Following in the footsteps of earlier compendious intellectual histories of the Frankfurt School by Martin Jay and Rolf Wiggershaus, Thomas Wheatland’s The Frankfurt School in Exile offers a thorough intellectual, political and institutional history of the adventures of the Frankfurt Institut fuer Sozialforschuung in the United States. Concentrating on this rich and strange institutional odyssey, and tapping the previously ignored archives of the Department of Sociology in Columbia University, Wheatland presents a far more vivid, nuanced, and strange picture of the Frankfurt Institute’s American years. Among the many entrenched myths punctured in this book, the most important one to fall is the received view that the key figures of the Institute and their American, primarily New York, academic hosts were mutually indifferent. Just as significantly, however, Wheatland documents that the cadre of New York intellectuals gathered around the so-called ‘little journals’ of the nascent anti-Stalinist Left also had far more interest in, and were in far closer contact with, the Institute members than the existing historical literature suggests. These findings in general compel a reappraisal of the Institute’s New York exile. And though Wheatland himself touches only very lightly on the political implications of this more intense and complex relationship, his history also, inevitably, raises questions about the developments that set both the New York anti-Stalinist Left, and less conspicuously the ‘core’ members of the Institute, on the path toward variations of neo-conservatism.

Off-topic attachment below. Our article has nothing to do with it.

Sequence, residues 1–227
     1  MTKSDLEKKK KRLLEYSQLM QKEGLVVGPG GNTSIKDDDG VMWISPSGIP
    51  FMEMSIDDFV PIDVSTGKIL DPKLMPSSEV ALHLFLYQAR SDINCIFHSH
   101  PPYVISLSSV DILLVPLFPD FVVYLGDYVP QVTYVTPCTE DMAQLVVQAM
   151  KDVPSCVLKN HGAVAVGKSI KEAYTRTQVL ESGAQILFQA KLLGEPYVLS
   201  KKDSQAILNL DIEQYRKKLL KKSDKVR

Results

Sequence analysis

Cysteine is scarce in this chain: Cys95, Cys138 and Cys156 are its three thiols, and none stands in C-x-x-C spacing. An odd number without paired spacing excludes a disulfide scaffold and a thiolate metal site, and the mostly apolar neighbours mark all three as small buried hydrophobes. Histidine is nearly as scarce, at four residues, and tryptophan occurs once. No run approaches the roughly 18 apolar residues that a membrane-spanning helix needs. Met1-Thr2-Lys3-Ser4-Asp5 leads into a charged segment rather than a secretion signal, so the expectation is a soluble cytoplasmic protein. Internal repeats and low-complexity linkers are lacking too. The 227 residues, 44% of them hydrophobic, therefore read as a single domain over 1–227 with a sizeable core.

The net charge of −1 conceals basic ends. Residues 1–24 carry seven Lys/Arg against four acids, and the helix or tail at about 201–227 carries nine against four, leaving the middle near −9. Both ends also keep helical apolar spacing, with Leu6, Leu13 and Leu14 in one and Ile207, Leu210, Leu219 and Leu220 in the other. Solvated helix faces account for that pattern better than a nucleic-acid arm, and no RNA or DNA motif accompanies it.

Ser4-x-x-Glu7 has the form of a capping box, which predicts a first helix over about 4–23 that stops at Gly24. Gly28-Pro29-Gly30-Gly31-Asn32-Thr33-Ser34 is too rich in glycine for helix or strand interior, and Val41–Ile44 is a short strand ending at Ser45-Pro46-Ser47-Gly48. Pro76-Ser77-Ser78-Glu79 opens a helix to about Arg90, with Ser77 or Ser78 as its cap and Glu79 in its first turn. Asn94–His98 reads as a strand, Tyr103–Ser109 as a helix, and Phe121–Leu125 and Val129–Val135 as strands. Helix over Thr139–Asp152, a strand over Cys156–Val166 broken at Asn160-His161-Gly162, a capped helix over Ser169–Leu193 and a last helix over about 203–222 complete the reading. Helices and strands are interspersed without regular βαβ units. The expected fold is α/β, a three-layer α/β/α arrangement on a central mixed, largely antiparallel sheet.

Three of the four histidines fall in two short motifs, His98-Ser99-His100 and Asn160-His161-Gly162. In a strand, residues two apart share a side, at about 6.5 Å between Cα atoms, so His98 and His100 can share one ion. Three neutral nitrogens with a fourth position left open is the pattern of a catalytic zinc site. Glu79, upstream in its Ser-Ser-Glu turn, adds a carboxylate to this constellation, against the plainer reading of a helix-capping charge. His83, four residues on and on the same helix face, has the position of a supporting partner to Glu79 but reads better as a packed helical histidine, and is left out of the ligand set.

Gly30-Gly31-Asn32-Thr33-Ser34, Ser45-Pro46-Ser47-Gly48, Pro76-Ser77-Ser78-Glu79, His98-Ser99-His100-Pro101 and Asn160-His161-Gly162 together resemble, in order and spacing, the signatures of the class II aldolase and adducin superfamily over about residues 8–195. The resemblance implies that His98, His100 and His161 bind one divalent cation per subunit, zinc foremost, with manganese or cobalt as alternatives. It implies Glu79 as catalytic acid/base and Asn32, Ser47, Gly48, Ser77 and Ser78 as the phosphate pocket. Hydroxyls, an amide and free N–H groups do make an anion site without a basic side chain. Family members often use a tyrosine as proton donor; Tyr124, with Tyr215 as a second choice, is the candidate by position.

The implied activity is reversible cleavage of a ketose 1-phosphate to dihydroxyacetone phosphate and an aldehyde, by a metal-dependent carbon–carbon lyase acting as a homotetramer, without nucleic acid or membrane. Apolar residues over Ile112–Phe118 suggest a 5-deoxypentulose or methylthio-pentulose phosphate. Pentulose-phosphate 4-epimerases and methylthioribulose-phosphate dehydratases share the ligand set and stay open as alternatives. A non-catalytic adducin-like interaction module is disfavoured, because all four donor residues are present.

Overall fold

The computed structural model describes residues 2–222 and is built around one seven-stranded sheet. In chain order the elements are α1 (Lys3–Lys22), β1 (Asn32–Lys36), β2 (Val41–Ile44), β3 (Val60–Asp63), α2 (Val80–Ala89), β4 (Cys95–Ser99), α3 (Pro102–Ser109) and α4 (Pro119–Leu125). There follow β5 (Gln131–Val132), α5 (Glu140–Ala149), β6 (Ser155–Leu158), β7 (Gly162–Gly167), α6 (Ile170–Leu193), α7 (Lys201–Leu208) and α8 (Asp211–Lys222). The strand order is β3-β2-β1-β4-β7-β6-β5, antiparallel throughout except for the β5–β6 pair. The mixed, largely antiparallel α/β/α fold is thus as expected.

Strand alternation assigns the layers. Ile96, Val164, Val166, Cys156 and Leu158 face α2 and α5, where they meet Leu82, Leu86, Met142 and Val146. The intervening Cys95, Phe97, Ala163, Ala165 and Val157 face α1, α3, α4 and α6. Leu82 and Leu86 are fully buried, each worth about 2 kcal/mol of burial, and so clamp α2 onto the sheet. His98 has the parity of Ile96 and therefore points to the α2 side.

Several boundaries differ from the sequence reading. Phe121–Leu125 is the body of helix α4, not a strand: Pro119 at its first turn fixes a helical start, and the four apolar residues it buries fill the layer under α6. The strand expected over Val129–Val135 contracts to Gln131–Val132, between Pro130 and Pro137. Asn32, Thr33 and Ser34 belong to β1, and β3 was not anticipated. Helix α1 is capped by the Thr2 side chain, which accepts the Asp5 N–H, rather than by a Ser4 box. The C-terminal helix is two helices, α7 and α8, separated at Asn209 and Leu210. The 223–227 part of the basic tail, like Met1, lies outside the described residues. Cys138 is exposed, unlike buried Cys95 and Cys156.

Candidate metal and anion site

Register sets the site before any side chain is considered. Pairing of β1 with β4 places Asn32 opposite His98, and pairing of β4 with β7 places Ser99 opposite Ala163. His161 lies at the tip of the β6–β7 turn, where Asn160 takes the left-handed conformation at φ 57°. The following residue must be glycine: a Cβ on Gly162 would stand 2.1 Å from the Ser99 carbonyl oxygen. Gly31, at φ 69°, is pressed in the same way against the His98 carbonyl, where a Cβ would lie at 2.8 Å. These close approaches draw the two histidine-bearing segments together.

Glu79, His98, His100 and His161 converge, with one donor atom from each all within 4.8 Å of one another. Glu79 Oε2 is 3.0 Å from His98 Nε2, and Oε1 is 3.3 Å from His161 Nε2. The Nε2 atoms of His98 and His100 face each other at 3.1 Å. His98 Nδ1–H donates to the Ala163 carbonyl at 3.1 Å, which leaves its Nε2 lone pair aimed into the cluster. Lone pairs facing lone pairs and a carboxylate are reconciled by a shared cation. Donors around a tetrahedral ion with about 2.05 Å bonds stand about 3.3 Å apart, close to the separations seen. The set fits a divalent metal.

The Critical Theory of the Frankfurt School has always been a candidate for an intellectual-historical approach: there is first of all the simple fact of its extraordinarily interesting history, the personal dramas of its eccentric and compelling cast of characters, and of course the extraordinary times in which these men lived and wrote. The intellectual history of the members of the Frankfurt School is indeed the history of twentieth century Europe in microcosm: bourgeois and proletariat, religion and secularism, philosophy and politics, crisis and critique. The intellectual histories of critical theory have surpassed in both number and quality the philosophical analyses. In English or in translation, Jay’s classic Dialectical Imagination, and Wiggershaus’ The Frankfurt School remain unsurpassed, and untranslated German works by Alex Demirovic and Wolfgang Kraushaar document the political life of the postwar Institute in West Germany in minute detail.